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Showing posts from September, 2016

Want to have a good conversation with your teen? Talk to them at night, very late!

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"Every conversation I have with my 15 year-old at the moment ends in a fight! Apparently I don't understand anything about the world, my rules are completely different to every other parent's and, as I'm usually told as the door slams, I just want to ruin her life!"

As tempting as it must be sometimes to just turn and walk away and think this is just all too hard when this kind of thing happens, it is incredibly important that parents continue to try and work hard to maintain a dialogue with their son or daughter during the teen years. I've just pulled this quote out of one of many emails I've had over the years  - I can't tell you how many times I've been told by mums and dads that their wonderful, communicative and co-operative teen went up to bed one night and was somehow replaced by aliens with a 'pod person' - an adolescent that they now simply don't recognize! If their child did actually decide to converse it was usually to argue…

A mother's concern about alcohol, football and 'Mad Monday'

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Alcohol and sport are bound together tightly in this country and, to be honest, it doesn't look like it's going to change anytime soon. I remember going to a conference many years ago and hearing from an expert in the area that it took 25 years from the day Bob Hawke announced that tobacco sponsorship of sport would end to the day it finally did, but if a Prime Minister did the same thing around alcohol today, it could take close to 40 years to disentangle the two! Pretty amazing stuff but not really surprising ...

Participation in sport is regarded as a protective factor for young people when it comes to alcohol and other drugs. It's a healthy activity, keeps them busy and 'off the streets', as well as offering them a sense of 'connectedness', particularly when it comes to team sports. It is also a way of parents maintaining a positive relationship with their child - e.g., driving them to training and to the actual sporting events, showing an interest in wh…

Identifying appropriate consequences when your teen breaks rules: 3 simple rules to remember

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One of my major messages to parents this year has been the importance of understanding why young people do the things they do during adolescence. You can sit with your teen, carefully explaining your rules and boundaries and tell them what will happen should those rules be broken and they may still walk away and, within minutes, do the 'wrong thing'. It is at this point that you may start to question your parenting and also the intelligence of your teen ...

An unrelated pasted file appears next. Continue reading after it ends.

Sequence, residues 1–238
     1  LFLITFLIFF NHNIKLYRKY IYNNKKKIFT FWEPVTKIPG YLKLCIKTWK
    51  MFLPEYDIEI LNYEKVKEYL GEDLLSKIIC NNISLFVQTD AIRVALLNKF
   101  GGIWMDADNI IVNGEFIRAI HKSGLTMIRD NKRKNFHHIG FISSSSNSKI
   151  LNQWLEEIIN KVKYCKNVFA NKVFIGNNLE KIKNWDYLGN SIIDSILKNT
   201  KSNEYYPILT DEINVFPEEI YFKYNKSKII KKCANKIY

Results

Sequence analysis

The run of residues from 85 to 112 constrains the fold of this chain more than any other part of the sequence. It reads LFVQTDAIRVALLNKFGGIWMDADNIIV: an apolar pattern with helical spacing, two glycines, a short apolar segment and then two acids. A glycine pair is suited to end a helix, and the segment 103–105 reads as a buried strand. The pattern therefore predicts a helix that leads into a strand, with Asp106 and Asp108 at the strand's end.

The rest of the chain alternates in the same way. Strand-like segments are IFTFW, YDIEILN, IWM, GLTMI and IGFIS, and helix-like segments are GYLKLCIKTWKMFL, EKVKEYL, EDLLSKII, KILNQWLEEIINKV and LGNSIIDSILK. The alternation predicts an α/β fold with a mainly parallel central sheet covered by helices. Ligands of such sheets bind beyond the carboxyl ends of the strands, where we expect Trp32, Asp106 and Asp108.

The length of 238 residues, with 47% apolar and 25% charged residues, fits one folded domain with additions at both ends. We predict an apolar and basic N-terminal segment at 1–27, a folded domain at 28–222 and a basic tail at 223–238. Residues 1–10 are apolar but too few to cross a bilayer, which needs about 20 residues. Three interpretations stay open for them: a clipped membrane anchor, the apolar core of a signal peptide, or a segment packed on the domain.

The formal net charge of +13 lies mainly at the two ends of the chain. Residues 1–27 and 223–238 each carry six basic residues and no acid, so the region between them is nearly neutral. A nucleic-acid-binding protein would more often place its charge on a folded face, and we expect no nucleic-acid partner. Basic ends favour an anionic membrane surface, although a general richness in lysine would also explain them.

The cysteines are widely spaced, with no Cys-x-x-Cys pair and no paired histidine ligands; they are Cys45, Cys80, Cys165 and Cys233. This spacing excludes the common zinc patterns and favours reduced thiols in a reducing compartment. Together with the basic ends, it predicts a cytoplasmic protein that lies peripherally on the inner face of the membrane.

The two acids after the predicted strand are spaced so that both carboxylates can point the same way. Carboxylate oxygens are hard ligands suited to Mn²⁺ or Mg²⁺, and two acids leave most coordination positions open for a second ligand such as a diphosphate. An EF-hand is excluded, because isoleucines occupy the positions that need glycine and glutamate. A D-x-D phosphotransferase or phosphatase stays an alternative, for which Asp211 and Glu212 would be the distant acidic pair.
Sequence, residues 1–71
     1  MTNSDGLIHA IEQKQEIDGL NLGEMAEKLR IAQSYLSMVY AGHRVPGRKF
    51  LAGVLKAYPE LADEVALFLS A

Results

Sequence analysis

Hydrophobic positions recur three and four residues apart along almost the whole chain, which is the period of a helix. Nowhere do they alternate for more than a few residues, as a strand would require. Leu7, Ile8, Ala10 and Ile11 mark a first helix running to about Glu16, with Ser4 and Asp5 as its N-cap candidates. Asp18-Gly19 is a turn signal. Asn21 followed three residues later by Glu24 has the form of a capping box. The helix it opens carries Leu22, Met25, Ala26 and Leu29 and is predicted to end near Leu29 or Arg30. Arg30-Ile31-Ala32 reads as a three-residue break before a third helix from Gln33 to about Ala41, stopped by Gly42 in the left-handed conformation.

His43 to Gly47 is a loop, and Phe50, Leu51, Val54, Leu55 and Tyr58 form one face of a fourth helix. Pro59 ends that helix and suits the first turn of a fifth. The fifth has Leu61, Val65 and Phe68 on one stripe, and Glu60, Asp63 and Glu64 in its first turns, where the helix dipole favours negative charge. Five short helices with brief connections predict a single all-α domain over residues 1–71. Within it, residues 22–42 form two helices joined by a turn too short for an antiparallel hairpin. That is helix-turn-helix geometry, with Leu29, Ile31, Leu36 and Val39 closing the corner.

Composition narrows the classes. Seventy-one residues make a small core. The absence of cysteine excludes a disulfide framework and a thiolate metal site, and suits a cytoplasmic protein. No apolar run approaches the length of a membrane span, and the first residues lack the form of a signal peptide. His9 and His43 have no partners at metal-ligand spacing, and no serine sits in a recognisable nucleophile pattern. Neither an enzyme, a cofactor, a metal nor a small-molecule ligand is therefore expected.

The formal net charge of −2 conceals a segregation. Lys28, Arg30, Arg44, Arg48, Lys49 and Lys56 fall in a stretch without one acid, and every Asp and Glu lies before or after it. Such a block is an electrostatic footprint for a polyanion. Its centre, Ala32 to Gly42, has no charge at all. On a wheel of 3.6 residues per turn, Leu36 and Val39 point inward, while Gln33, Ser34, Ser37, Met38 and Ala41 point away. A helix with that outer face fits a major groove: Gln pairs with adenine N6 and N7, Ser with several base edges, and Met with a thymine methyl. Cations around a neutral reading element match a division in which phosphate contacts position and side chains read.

Put simply, teens make 'dumb choices' because of their developing brain. The adolescent brain is far less developed than we once thought, with male brains developing much later than females (no surprise there!). When we make decisions as an adult, we rely on parts of the brain that are amongst the last to fully develop, i.e., the prefrontal cortex, hippocampus and promotor cortex. These sections deal with reasoned thinking and judgment, as well as learning and memory (remembering past experiences) and a range of ot…

"We trusted our teen and we were terribly let down": One Mum's story ...

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The evidence is pretty clear that if you want to do your very best to keep your child safe through the teen years there is a simple parenting formula to follow:
know where your child isknow who they're with, andknow when they'll be home This involves a lot of work. It takes time and energy to check up on what your teen has told you, calling other parents to find out whether they're going where they say they're going and making sure they do what they say they're going to ... but if that's what it takes to ensure your child comes home in one piece, I'm pretty sure most would agree it's worth the effort! As I say in my parent sessions, sometimes when I end my talks with these three simple tips I can see some people in the audience who look like I have just stabbed them in the heart. When I have approached them afterwards and asked them what the problem was (because there was so a problem!), they turn around and say "But if I did those things and check…